Editor’s Note: La Jicarita first reported back in 2012 about the movement to expand the boundaries of the Pecos Wilderness. New Mexico Wilderness Alliance member John Olivas came to Vadito to meet with acequia and land grant representatives about his group’s plan (along with the New Mexico Wilderness Society) to include 130,000 acres of roadless areas on all sides of the extant Pecos Wilderness. The consensus at that meeting was loud and clear: “The Forest Service hasn’t protected our grant up to now so we don’t think they’d do any better with this.”
At the time Olivas was chair of the Mora County Commission and pushed through a county resolution in support of the Pecos Wilderness expansion. You may recall that while Olivas was in office he also pushed through the Mora County Community Water Rights and Local Self-Government Ordinance that banned all oil and gas development in Mora County. The county was subsequently sued by the oil and gas industry and several private landowners in two lawsuits and the ordinance was struck down as unconstitutional in district court in January of 2015 . Olivas was not reelected to the county commission, and in April of 2015 the newly elected commission repealed the ordinance. The lawsuits were subsequently dropped.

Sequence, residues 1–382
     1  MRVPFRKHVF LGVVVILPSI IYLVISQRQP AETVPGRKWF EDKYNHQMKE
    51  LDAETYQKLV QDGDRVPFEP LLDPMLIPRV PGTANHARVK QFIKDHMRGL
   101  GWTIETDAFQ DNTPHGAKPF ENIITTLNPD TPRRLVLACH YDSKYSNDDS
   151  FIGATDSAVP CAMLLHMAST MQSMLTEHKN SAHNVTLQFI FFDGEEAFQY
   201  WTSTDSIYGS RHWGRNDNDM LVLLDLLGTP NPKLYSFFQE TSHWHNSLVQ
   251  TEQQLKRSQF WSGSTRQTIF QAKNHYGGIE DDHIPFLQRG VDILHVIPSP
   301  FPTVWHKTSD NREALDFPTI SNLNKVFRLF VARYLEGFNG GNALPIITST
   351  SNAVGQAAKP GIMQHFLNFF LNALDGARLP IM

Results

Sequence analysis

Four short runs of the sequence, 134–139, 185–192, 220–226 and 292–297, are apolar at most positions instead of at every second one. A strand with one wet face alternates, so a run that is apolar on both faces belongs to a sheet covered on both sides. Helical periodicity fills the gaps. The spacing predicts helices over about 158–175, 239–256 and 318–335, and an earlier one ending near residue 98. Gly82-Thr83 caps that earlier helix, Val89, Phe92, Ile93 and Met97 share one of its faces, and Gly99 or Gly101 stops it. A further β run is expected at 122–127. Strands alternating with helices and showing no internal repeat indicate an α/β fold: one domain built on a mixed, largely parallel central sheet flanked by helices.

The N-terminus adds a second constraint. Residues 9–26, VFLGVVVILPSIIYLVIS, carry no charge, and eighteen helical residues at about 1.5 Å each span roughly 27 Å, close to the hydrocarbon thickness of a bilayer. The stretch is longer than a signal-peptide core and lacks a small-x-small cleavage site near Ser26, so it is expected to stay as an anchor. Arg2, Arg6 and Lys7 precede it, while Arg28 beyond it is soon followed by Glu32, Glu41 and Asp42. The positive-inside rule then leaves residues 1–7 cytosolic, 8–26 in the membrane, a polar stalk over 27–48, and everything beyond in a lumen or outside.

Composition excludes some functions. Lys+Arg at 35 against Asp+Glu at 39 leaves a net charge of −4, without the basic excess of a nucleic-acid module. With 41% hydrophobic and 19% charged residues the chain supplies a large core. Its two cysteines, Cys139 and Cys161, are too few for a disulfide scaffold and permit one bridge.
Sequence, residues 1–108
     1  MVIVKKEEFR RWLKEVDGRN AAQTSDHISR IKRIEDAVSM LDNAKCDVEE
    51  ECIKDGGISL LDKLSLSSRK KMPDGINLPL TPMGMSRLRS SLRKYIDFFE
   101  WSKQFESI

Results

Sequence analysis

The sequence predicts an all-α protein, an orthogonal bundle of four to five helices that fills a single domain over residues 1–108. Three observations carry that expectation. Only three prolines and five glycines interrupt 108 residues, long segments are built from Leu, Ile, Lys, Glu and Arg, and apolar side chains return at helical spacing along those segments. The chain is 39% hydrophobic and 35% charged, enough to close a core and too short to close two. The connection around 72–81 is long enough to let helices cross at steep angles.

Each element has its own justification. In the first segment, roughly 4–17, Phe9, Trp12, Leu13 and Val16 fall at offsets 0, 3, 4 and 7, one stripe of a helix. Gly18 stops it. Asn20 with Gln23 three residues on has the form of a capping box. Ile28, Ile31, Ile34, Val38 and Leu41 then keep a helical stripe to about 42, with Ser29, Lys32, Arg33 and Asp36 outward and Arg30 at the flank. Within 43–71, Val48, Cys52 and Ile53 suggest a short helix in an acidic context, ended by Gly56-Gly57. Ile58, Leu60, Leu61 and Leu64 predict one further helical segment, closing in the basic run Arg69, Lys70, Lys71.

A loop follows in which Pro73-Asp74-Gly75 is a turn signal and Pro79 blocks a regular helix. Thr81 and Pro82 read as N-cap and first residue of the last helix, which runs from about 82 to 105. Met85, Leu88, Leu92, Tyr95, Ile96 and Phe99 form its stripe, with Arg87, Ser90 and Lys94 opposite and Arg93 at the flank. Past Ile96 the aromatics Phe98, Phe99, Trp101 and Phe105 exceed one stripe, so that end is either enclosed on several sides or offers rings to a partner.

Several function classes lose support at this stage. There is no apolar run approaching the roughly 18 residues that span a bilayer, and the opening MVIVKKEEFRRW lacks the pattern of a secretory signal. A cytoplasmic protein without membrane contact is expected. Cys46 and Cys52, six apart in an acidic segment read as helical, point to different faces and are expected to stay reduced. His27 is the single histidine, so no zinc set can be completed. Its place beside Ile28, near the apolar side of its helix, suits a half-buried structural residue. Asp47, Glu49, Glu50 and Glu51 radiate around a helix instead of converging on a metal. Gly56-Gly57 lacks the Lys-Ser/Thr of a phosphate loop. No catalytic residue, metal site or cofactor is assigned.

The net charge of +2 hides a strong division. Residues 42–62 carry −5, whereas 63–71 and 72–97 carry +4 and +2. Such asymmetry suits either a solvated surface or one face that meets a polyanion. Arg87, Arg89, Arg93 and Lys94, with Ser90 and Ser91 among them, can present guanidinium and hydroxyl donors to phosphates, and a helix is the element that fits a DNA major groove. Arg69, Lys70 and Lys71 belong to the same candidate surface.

Olivas and the wilderness groups continue to push forward with proposal to expand the Pecos. They’ve appeared before the Taos County Commission several times as well as at meetings held in Peñasco, where once again the local folks voted down the proposal. On March 17 the Mora County Commission rescinded the wilderness resolution and issued a resolution that emphasizes cultural heritage and the need for forest restoration work. Here is the text of that resolution: